U.S. Takes Issue with Arafat for Threatening Palestinians
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U.S. Takes Issue with Arafat for Threatening Palestinians

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The government said Wednesday it considers a New Year’s Day statement by Palestine Liberation Organization chief Yasir Arafat to be a threat against Palestinians who seek reconciliation with Israel.

But State Department spokesman Charles Redman left unclear whether the United States believes that the threat was specifically aimed at the life of Mayor Elias Freij of Bethlehem.

Redman said the State Department has obtained a tape of Arafat’s Jan. 1 speech to Palestinians in Saudi Arabia.

He quoted the PLO leader as saying: “Whoever thinks of stopping the intifada before it achieves its goals, I will give him 10 bullets in the chest.”

The United States has made it clear to Arafat that “this threat is inconsistent with Arafat’s Dec. 14 renunciation of terrorism” and the subsequent U.S. decision to open a dialogue with the PLO, Redman said.

But, he added, Arafat denies he intended any threat against Freij.

The West Bank mayor told an Israeli newspaper in late December that he supported a United Nations-supervised truce for the territories. But Freij withdrew his proposal Jan. 3, on the grounds that the PLO was opposed.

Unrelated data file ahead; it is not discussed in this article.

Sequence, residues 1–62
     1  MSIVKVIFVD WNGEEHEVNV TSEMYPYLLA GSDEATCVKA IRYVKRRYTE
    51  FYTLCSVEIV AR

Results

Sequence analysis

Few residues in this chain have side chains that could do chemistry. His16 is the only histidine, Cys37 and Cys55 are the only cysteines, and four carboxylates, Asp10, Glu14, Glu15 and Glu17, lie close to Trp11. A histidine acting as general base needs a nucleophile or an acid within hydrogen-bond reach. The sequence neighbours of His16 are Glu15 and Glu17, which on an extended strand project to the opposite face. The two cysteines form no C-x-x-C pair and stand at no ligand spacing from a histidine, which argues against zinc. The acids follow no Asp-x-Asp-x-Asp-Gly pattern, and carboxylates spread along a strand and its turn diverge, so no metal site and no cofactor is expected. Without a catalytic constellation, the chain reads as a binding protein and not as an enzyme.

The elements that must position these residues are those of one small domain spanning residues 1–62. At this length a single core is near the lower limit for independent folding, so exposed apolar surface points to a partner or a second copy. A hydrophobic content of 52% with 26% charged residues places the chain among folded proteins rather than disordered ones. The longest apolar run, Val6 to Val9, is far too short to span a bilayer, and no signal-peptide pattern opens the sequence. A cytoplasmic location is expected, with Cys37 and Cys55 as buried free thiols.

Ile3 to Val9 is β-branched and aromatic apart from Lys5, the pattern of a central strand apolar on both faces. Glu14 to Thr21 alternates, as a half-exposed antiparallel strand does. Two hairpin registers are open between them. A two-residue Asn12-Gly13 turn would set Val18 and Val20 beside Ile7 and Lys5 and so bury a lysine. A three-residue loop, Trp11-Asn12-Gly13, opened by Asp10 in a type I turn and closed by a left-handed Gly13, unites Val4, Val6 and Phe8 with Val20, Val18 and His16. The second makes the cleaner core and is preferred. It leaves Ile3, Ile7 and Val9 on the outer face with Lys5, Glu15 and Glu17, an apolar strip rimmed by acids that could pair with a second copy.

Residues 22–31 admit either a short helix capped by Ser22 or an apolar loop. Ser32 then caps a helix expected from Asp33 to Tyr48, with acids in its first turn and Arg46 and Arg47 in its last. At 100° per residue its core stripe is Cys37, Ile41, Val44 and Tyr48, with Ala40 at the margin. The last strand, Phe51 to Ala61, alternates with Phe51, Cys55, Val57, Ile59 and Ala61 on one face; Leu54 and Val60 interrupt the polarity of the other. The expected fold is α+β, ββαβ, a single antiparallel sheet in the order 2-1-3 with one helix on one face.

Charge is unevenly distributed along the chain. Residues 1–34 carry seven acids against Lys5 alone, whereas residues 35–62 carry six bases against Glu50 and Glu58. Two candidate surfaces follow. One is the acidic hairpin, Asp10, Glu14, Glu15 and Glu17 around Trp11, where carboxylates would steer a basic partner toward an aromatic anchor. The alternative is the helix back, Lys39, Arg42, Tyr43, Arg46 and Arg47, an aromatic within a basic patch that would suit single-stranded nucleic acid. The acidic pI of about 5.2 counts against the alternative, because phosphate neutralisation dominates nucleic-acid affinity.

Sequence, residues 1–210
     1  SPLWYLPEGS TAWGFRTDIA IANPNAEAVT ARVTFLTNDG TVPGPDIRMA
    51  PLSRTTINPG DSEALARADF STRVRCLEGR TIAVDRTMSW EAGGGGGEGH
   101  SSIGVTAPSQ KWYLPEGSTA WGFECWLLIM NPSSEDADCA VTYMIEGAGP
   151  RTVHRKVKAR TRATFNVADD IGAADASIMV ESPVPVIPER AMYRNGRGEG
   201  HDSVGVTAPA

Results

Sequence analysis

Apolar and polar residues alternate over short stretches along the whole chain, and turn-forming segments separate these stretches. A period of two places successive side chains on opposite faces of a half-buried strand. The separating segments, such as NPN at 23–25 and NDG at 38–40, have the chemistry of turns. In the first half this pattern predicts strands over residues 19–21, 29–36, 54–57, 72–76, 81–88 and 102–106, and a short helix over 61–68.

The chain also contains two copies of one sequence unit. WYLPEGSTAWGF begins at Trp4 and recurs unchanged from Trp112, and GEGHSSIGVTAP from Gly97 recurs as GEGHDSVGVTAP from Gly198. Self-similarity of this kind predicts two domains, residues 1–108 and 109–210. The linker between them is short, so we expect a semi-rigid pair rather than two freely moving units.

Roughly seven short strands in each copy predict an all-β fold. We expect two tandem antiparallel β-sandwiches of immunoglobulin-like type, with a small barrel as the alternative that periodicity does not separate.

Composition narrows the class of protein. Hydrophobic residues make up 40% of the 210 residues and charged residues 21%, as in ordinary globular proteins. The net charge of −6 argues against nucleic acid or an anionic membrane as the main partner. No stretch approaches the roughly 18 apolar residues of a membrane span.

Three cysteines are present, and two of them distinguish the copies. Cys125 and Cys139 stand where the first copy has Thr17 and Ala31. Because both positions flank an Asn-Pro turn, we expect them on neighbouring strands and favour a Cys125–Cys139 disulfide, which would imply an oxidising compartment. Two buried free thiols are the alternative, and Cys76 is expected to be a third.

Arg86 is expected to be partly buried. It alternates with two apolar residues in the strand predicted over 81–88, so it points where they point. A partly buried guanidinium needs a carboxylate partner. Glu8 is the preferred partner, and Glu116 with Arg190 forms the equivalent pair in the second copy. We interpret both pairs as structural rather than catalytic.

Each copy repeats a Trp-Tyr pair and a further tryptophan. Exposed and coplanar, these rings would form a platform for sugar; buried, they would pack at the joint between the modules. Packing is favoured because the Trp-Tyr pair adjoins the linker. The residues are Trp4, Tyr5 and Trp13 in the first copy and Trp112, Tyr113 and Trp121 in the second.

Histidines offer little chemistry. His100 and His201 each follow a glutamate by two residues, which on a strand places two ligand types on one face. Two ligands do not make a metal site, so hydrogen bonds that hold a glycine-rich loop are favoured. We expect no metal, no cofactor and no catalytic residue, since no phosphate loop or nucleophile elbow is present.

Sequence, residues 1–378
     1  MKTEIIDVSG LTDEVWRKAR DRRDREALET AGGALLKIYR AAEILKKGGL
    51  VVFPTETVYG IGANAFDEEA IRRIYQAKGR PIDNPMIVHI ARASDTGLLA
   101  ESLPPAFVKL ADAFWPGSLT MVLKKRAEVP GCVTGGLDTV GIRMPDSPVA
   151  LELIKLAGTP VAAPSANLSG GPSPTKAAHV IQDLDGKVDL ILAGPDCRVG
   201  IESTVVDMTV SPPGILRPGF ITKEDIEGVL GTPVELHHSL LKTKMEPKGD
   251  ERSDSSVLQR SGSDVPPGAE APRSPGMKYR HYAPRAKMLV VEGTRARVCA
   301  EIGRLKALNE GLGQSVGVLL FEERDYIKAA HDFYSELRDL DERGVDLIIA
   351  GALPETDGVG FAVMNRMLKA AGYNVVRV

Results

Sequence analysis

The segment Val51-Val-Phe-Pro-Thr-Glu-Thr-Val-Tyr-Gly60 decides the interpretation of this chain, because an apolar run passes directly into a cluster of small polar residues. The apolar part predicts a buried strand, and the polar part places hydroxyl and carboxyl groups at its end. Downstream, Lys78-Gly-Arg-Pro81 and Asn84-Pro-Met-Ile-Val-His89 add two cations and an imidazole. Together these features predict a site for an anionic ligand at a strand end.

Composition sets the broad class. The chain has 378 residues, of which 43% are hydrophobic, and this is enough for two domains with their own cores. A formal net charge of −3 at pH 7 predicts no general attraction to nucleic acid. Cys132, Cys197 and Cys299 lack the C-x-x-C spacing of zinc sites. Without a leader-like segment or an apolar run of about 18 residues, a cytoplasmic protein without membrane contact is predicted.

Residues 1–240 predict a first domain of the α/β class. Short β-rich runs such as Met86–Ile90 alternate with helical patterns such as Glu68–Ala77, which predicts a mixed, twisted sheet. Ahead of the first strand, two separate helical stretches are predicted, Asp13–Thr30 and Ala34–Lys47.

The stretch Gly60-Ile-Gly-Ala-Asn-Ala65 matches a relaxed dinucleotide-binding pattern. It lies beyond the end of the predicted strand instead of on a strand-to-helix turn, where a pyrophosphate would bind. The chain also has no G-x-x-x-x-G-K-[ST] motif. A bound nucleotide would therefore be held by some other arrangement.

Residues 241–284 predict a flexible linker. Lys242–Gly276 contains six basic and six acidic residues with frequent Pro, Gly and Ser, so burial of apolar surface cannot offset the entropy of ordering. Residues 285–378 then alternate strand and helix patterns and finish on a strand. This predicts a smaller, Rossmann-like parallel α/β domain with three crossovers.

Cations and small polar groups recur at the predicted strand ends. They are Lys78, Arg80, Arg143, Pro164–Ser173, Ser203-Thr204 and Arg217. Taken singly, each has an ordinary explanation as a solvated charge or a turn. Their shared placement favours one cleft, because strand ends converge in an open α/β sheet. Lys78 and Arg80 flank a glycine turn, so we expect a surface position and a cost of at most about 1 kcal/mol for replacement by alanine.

Israeli officials immediately charged that Arafat’s remarks were a thinly veiled threat against Freij.

Secretary of State George Shultz also said at the time that if Arafat’s remarks were quoted accurately, then it fit “very badly” with his renunciation of terrorism.

Redman said Wednesday that the tape proved that the “secretary’s remarks were accurate.”

He also maintained Wednesday that the State Department has not received a request from Arafat for a visa to address the American-Arab Anti-Discrimination’s annual convention in Washington on April 13.

Asked what he would do about an Arafat visa request, Secretary of State-designate James Baker III said he could not give an immediate answer.

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